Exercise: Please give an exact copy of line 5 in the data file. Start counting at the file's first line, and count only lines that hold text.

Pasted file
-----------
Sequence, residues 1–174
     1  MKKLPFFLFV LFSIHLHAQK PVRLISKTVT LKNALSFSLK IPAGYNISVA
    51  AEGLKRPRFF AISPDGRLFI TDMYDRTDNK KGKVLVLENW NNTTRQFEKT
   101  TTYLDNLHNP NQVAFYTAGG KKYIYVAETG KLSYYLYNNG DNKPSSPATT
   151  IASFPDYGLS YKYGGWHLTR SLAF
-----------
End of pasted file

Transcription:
   151  IASFPDYGLS YKYGGWHLTR SLAF